As Congress continues to debate the Bipartisan Emergency COVID Relief Act of 2020 – what stays in and what doesn’t – the Paycheck Protection Program is widely expected to be part of it.
The PPP, an SBA forgivable loan program through partnering lenders, will likely look a little different when it re-emerges. Changes under debate could include allowance of receiving a second PPP loan, tweaks in the way businesses can spend the funds, loan simplification for those borrowing $150,000 or less, simpler forgiveness requirements, and larger funding set-asides for disadvantaged communities. The new COVID Relief Act could also extend the Economic Injury Disaster Loan (EIDL) and the Employee Retention Tax Credit, both set to expire on Dec. 31. Notably, the Federal Reserve’s Main Street Lending Program is set to end at the end of the year as well.
With the PPP set to make a comeback, it is instructive to know which banks were the most active lenders in South Florida.
THE BIGGEST LENDERS WERE …
The top two lenders were a national giant and a Florida community bank. Collectively, lenders approved $12.4 billion through the federal aid program for businesses based in Miami-Dade, Broward and Palm Beach Counties.
According to an analysis by the South Florida Business Journal based on SBA data, Bank of America, the largest holder of bank deposits in South Florida was also the most active for PPPs. The bank approved more than $1.4 billion in loans for about 202,000 businesses in Miami-Dade, Broward and Palm Beach counties. The average loan size: $50,833. This information is instructive because small businesses were reporting anecdotally more success going to small community-focused lending institutions for funding.
But Miami-based City National Bank of Florida, the state’s largest community bank, came in just behind, doling out over $1.2 billion in PPP loans to South Florida companies, and the average loan size was much higher: $172,022.
City National was also the most active lender in South Florida’s hard-hit food and beverage industry. The bank approved $98.8 million in PPP funds, according to the SFBJ’s research. The F&B category includes restaurants, restaurant groups, bars, breweries and cafeterias.
“We knew we had to act quickly and efficiently as the federally-backed loan programs rolled out because, for many of the businesses, obtaining these funds meant the difference between shuttering or staying afloat,” Jorge Gonzalez, CEO and Vice Chairman of City National, said in a Forbes report in October. That meant making sure the technology was seamless , setting up a virtual “war room” and training employees from every corner of the business how to process loan applications, Gonzalez said. In all, CNB funded to $2 billion in loans across the Sunshine State and beyond, helping to preserve as many as 250,000 jobs, he said. Florida City National Bank is also one of the most active banks handling Main Street Lending Program loans.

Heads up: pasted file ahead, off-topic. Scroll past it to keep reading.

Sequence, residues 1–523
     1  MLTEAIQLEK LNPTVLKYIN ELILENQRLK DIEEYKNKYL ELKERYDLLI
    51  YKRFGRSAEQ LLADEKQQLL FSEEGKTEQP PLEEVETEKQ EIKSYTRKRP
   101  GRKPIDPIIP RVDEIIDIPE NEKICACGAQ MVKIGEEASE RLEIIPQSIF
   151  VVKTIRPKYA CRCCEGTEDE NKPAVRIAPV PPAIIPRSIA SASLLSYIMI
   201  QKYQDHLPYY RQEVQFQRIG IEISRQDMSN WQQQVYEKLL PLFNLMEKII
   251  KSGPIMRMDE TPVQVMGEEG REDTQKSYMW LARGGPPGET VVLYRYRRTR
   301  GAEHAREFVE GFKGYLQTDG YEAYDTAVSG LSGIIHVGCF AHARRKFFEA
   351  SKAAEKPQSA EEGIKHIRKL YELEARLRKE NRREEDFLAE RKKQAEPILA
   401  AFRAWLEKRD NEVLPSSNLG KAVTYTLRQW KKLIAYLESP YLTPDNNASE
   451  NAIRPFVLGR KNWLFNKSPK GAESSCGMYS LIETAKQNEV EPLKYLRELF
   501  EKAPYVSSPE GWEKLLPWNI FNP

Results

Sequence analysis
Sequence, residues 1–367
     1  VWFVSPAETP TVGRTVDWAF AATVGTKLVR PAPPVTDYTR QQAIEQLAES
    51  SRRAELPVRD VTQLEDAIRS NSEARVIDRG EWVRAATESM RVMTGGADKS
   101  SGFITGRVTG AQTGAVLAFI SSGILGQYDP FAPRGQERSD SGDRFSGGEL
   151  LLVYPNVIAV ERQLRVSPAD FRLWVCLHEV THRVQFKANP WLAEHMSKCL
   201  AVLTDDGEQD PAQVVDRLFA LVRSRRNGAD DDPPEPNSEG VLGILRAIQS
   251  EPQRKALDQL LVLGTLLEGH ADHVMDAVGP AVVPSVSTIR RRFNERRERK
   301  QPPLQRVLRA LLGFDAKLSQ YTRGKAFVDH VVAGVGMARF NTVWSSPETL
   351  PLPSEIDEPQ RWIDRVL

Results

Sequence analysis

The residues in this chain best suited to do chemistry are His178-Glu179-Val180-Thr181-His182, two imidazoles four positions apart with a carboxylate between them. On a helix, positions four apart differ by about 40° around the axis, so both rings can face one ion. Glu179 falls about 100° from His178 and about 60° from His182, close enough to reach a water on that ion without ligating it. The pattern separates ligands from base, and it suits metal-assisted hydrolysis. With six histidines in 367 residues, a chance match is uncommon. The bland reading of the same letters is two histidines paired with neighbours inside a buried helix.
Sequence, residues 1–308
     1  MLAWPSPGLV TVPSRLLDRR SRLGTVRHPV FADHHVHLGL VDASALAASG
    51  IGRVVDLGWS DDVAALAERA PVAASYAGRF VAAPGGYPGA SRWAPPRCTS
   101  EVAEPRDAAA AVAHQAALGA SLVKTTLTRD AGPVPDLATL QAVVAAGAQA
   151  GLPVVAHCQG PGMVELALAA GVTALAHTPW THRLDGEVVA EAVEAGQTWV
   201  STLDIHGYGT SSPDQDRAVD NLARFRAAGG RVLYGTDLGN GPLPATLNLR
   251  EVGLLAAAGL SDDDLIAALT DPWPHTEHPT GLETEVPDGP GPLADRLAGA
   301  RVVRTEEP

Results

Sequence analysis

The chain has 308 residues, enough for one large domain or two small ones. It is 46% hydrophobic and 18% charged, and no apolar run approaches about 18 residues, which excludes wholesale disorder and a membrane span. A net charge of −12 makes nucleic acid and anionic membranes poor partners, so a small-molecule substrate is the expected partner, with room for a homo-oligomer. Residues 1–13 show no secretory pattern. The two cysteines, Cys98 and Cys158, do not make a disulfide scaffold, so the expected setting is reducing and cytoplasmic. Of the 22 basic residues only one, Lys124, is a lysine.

OTHER TOP LENDERS
Also in the top 10 for PPP lending:
- JPMorgan Chase Bank: $892 million; average loan size of $70,124.
- Truist Bank: $845 million; average loan size of $123,029.
- Cross River Bank: $463 million; average loan size of $32,441.
- Wells Fargo: $438 million; average loan of $36,199.
- First Horizon Bank: $422 million, average loan of $107,639.
- TD Bank: $419 million; average loan of $71,562.
- BankUnited (Miami Lakes-based): $399 million; average loan of $191,665.
- Kabbage (online lender): $391 million; average loan of $22,061.
Other South Florida-based banks in the top 20 include Professional Bank of Coral Gables, Miami-based Ocean Bank, and Miami-based Amerant Bank. The top 20 were responsible for dispersing 74% of the PPP funding to South Florida companies.
Businesses within the City of Miami received the most loans in Florida: 44,742 loans worth $3.29 billion. Rounding out the top 5 were Orlando, Tampa, Jacksonville and Fort Lauderdale, the SFBJ reported.
As the debate in Congress continues over the next round of stimulus, the SBA is continuing to process PPP loan forgiveness applications. Loan recipients need to have used 60% or more of the PPP funds on payroll expenses for the PPP loans to be 100% forgiven.